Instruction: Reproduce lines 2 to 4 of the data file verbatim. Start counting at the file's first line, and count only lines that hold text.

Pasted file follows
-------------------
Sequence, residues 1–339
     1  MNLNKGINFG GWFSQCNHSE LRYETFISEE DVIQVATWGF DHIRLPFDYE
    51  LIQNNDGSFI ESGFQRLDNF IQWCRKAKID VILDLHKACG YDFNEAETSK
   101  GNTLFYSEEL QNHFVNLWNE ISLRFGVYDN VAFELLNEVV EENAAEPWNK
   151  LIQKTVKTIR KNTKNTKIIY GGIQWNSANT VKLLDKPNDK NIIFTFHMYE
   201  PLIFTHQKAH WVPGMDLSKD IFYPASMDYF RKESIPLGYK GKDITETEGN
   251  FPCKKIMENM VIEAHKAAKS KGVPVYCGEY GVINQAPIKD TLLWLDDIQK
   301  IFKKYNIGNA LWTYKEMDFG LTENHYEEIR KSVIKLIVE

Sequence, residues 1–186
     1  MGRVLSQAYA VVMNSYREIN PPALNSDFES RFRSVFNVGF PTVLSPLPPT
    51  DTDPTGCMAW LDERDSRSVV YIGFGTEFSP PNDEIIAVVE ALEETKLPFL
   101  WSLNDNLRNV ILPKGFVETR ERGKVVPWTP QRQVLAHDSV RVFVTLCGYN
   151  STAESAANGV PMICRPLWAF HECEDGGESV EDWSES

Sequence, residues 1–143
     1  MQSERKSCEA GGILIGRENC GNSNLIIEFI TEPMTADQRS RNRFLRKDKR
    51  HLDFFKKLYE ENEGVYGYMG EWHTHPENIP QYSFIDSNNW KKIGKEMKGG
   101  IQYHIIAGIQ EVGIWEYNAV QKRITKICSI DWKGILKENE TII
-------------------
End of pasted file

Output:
     1  MNLNKGINFG GWFSQCNHSE LRYETFISEE DVIQVATWGF DHIRLPFDYE
    51  LIQNNDGSFI ESGFQRLDNF IQWCRKAKID VILDLHKACG YDFNEAETSK
   101  GNTLFYSEEL QNHFVNLWNE ISLRFGVYDN VAFELLNEVV EENAAEPWNK